Aurora cultural concerts deliver consistent, inclusive message

Founded through a joint effort of the Fox, Original Aurora Renewal and the now-defunct Crossover Project, the annual concert series features eight performances for traditionally underserved public school students

AURORA | When the Colorado Folk Arts Council’s cultural concert series first came to Aurora Fox Arts Center, the notion of an arts district in Aurora was little more than a hazy mirage to optimists, and a laughable chimera to, well, just about everyone else.

Members of Aztec Groupo Huitzilopotchli march in an August parade on Lowell Street near Regis University. The group is part of free cultural concerts hosted by the Colorado Folk Arts Council’s one Wednesday afternoon each month from October to May at the Aurora Fox Arts Center. This is the 20th year the cultural concerts have been held. Photo courtesy of Aztec Grupo Huitlzliopotchli.Today — 20 years, hundreds of performances and thousands of student-audience members later — the Aurora Cultural Arts District is an emerging lightning rod of cultural prowess in a neighborhood once written off as an irretrievable bog of delinquency.

And the cultural concert series at the Fox has remained a steady, ever-present cornerstone throughout that evolution.

Founded through a joint effort of the Fox, Original Aurora Renewal and the now-defunct Crossover Project, the annual concert series features eight performances for traditionally underserved public school students.

Now coordinated by the Colorado Folk Arts Council and the Journey Through Our Heritage program at the Metropolitan State University of Denver, the series is celebrating 20 years of performances at The Fox this November.

“This is a very special year for us,” Ron Gehauf, president of the Colorado Folk Arts Council, said in a statement.

Renee Fajardo, now a professor in the department of Chicano and Chicana studies at Metro State, helped launch the program with former Fox executive producer Robert Salisbury and members of Original Aurora Renewal.

And although different organizations have offered support for the concert series through the years, Fajardo said the programming has remained consistent.

“The kids that come through change, but we didn’t want to change because we want everyone to be able to come through and say, ‘I saw those Aztec dancers and African drummers, too,’” she said. “We wanted to create a legacy and a similar experience for everybody — it’s like going to see ‘The Nutcracker’ every year.”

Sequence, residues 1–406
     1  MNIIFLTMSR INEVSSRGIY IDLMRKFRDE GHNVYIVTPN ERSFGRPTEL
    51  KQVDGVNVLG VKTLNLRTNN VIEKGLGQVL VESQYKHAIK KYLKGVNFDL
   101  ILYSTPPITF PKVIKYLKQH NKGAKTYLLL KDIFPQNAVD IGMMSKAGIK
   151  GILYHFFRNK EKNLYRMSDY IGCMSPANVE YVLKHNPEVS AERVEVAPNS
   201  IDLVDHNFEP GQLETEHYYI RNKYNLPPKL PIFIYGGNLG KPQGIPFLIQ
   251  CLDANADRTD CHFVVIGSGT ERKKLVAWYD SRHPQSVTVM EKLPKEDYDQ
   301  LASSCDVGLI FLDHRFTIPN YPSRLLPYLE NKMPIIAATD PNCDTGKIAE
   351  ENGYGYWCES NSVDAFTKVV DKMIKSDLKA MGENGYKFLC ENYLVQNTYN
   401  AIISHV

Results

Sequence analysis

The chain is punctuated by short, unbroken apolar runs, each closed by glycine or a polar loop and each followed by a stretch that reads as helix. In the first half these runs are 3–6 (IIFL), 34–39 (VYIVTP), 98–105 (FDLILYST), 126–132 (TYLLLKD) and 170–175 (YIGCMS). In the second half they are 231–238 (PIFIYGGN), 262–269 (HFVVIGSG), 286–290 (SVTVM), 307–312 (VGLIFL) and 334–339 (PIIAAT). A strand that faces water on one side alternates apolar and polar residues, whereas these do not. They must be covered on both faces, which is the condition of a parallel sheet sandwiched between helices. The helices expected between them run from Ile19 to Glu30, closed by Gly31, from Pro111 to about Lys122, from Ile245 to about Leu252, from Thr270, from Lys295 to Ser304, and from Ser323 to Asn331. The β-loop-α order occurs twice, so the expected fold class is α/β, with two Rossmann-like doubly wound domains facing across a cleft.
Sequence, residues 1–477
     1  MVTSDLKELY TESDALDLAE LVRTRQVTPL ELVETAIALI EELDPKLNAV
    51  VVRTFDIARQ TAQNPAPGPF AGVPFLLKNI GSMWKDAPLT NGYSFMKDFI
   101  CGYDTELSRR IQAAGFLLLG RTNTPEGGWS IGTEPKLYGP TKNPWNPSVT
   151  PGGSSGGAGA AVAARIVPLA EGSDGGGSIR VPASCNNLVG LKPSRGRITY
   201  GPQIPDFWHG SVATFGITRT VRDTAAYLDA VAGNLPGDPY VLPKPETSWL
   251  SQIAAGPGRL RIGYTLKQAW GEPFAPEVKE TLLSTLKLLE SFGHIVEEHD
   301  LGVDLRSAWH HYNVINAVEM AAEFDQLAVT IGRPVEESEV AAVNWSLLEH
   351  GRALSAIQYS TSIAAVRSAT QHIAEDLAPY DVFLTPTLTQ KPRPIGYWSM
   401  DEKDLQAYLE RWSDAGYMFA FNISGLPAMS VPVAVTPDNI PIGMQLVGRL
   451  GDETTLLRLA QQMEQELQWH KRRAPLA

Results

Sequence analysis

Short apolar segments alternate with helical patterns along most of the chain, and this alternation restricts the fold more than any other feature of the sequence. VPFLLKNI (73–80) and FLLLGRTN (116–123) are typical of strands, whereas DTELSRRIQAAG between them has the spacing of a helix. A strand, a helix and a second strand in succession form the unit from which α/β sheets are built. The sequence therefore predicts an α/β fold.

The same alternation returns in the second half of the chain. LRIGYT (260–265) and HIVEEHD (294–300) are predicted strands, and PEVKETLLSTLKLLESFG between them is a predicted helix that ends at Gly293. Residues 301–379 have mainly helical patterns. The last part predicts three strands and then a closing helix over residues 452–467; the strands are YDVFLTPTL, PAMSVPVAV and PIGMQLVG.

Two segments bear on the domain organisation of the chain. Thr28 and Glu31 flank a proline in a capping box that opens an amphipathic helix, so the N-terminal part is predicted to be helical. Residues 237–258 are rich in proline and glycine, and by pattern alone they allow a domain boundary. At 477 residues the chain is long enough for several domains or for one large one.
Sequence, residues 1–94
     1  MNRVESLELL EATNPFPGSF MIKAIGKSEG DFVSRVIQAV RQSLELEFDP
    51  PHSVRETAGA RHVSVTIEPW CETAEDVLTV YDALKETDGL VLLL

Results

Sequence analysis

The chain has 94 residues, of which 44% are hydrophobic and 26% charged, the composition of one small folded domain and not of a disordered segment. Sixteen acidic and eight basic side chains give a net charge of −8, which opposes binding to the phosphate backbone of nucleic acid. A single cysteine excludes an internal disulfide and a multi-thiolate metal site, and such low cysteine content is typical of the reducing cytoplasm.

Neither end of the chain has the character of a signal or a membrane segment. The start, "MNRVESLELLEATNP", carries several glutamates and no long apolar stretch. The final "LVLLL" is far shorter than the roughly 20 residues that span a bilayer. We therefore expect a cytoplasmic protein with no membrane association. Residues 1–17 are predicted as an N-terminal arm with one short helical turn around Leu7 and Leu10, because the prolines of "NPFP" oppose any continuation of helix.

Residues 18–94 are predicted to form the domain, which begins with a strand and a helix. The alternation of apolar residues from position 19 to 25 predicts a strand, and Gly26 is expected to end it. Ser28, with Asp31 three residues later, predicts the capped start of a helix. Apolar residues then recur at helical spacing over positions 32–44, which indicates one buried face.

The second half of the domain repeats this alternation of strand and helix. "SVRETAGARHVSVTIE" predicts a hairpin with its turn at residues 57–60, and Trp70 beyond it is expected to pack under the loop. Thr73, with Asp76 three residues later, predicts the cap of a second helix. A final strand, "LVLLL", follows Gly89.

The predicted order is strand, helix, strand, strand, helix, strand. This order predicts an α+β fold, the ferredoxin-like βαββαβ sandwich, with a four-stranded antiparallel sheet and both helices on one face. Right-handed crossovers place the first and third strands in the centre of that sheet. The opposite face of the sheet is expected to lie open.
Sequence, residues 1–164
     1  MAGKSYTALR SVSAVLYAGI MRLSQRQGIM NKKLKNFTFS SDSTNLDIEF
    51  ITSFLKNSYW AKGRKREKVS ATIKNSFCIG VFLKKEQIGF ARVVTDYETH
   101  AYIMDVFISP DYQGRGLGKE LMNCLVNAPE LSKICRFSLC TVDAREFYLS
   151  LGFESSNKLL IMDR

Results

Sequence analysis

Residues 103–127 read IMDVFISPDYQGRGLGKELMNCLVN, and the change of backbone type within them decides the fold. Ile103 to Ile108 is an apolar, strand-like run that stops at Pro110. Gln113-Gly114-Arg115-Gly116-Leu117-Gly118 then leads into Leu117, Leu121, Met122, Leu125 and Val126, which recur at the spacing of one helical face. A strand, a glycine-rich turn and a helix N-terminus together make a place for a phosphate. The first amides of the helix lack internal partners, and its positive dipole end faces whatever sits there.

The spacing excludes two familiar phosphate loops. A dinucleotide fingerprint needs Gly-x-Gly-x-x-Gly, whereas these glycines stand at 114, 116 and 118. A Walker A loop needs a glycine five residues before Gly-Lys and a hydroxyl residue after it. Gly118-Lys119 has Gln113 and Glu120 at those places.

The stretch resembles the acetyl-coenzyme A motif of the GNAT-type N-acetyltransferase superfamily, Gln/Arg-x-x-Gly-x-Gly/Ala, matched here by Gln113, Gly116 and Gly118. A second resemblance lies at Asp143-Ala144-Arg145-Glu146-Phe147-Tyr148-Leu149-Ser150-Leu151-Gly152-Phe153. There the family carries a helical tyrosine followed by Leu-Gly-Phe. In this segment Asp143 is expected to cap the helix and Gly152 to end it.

Charles Packard, current executive producer at the Fox, echoed Fajardo’s comments on the immutable shape of the concerts.

“It’s one of the few programs that looks almost identical to the way it did before I was working here,” said Packard, who started working at the Fox as a contractor in 1998. “For the Fox staff, it’s a really wonderful opportunity for us to see a bunch of underserved kids walk into the theater, have a great time and be excited to learn something.”

The group pays performers with a small allocation dispensed to the Colorado Folk Arts Council by the Scientific and Cultural Facilities District. The rest of the organizational power comes from student volunteers with the Journey Through Our Heritage program at Metro.

The free concerts are held one Wednesday afternoon each month between October and May. This season’s debut is slated for 12 p.m., Nov. 9, and will feature Aztec Grupo Huitlzliopotchli and storytellers Red Feather Woman and Rita Wallace. Fajardo said the programming, which was scheduled with Native American Heritage Month in mind, is particularly potent this year.

“With all of the things going on with the Dakota (Access) Pipeline, and it being Native American Heritage Month, I think it will be a very respectful and honorable kick-off to this series,” Fajardo said.

She added that the enduring lifespan of the series has allowed the involvement to come full circle — those who once attended the concerts as students in Aurora Public Schools or the Cherry Creek School District have since become Fajardo’s student program coordinators at Metro State.

“It’s very cool to see,” she said. “It’s consistently delivering the same thing.”

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